This Oscar-winning actress was Hollywood royalty when she adopted a baby girl in 1939. Joan Crawford (Faye Dunaway) was nearing the end of her career, however; the plum roles were less frequent and her publicity was waning. Perhaps to boost her press coverage a little bit, she adopted a little girl whom she named Christina and became a mother after a number of miscarriages.
The little blonde with curls certainly took after her mother, showing a rebellious spirit at an early age. It was then that she discovered just how controlling her mother could be. Joan demanded nothing but perfection from her daughter, as well as the title of "Mommie Dearest" (sincerely). She yelled her daughter into submission, ordering her to swim laps in the pool and to eat rare bloody steak, no matter how tired or disgusted her daughter was of each. Also, she yelled at her and beat her up when there was a little spot in the bathroom.The defining moment of their relationship took place one late night when Joan entered Christina's bedroom, rummaged through her closet, and discovered one of her little dresses on a wire hanger. "NO WIRE HANGERS!" she screamed with rage. Rousing her daughter from her bed, Joan scolded the frightened child and even beat her with the offending hanger. Soon after, Christina was sent to live at a private school. Years later, she would be sent to a convent.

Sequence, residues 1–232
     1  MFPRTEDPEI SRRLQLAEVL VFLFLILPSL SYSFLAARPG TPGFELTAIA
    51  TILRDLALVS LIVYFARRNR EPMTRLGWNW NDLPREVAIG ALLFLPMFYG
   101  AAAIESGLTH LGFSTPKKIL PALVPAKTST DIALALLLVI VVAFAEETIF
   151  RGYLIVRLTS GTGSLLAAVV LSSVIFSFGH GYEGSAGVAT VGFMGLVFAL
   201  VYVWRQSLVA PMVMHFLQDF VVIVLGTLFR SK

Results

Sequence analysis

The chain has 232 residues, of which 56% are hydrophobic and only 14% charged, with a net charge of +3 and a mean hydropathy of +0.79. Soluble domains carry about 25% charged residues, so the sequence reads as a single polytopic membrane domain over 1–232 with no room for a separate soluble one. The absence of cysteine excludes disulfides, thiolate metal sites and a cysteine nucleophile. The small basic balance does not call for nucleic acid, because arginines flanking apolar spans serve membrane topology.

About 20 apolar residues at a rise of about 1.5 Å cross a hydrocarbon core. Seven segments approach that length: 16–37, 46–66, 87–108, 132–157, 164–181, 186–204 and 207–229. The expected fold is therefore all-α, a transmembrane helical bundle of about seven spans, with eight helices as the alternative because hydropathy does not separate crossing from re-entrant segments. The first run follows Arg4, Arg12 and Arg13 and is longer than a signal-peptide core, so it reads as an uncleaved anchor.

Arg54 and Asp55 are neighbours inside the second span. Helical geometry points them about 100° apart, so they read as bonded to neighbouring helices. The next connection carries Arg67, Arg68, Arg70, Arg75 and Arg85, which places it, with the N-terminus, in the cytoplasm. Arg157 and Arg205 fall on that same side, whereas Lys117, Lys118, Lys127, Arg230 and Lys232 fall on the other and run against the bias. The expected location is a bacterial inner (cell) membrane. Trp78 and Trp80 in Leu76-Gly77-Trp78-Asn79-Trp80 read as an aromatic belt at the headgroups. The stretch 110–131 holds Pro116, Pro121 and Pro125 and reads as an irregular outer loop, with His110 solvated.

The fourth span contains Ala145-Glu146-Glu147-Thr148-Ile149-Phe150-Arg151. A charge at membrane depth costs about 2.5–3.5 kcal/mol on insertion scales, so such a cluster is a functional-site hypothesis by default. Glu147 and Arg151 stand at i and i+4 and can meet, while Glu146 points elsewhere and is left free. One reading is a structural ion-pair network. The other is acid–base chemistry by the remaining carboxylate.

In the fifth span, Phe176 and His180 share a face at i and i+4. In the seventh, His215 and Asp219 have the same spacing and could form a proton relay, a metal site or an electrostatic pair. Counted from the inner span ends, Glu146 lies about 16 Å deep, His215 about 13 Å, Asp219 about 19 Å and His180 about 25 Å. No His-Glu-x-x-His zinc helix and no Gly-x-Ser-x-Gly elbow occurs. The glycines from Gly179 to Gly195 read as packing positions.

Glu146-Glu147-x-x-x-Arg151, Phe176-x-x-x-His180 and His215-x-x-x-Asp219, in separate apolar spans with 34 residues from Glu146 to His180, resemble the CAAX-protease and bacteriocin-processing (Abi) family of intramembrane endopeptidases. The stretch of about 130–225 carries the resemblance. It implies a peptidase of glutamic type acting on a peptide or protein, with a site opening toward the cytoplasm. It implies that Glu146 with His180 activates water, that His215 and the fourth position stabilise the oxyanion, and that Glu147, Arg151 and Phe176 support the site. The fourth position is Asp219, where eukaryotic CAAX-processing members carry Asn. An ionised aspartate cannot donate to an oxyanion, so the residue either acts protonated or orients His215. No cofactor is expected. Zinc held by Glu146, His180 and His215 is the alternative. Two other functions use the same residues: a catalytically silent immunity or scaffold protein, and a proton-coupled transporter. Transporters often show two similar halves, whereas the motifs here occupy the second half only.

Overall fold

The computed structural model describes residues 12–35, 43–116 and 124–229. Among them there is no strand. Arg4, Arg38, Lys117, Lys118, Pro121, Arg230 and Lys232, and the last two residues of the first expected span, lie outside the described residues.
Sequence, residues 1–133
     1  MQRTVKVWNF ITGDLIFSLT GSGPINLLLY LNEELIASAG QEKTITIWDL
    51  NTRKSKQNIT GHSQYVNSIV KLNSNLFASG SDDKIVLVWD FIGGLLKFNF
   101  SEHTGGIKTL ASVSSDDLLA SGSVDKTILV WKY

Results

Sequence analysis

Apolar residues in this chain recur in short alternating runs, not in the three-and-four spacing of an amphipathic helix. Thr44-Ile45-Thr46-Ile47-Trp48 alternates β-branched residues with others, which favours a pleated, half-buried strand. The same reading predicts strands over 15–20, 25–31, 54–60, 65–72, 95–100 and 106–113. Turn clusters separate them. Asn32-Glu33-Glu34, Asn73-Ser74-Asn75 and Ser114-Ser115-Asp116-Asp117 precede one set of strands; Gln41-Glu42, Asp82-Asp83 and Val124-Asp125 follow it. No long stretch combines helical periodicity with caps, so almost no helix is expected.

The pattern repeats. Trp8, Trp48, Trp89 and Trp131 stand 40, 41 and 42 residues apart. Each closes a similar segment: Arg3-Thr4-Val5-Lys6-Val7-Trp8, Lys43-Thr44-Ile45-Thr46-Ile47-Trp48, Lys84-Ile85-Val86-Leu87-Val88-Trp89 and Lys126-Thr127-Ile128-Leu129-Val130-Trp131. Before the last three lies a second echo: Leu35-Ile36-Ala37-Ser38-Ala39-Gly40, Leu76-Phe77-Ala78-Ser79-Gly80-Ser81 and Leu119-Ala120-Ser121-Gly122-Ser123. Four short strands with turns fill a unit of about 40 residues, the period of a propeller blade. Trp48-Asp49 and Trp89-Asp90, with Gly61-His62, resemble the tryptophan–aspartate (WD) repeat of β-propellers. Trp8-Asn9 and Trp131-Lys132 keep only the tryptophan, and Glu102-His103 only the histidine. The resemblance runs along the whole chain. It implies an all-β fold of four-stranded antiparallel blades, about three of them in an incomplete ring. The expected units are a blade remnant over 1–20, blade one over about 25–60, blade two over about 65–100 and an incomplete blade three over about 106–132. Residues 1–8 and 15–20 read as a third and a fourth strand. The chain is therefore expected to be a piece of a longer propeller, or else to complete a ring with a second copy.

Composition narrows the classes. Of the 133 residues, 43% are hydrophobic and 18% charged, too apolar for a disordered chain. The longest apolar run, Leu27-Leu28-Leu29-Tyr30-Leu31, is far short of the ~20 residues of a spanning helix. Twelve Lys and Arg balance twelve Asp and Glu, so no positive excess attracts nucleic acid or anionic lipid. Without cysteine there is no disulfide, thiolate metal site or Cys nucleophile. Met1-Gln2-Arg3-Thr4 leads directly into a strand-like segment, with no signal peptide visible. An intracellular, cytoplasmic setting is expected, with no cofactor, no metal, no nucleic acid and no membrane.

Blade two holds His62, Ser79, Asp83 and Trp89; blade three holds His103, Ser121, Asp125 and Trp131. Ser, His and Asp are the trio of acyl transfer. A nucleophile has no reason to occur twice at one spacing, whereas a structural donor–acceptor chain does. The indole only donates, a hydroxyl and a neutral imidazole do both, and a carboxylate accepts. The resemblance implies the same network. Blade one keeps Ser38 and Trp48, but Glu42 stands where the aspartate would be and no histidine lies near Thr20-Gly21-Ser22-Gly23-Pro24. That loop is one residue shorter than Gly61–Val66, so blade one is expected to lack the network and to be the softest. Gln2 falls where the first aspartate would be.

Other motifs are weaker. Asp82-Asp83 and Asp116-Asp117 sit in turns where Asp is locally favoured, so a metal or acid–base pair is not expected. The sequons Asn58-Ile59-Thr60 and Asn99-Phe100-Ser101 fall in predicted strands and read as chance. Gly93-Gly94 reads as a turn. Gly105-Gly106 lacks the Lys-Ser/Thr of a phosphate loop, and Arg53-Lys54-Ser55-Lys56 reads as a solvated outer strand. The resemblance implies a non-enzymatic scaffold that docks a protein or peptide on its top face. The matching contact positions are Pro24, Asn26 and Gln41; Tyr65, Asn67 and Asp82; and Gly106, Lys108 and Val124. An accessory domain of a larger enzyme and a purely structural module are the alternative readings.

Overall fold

Perhaps the most insulting maneuver by her mother occurred years later when Christina, who had always been a natural actress and studied at school, got work on a soap opera in New York City. Laid up in the hospital with a sudden illness, Christina watched as her mother insisted on replacing her on the show during her sickness. The fact she was supposed to be playing a woman half her age only made it more embarrassing, for Joan and Christina.Based on the book by Christina, Mommie Dearest depicted Joan Crawford as an obsessive, controlling, drunk maniac who couldn't bear not being the center of attention. Even after Joan tried choking Christina to death, she came to accept her mother's actions to be driven by a self-imposed condition more than by hatred. At the end of her mother's life, she was happy her mother's pain was finally over. And then Christina discovered she was left absolutely nothing in her mother's will. Even beyond the grave, her mom was one major bitch.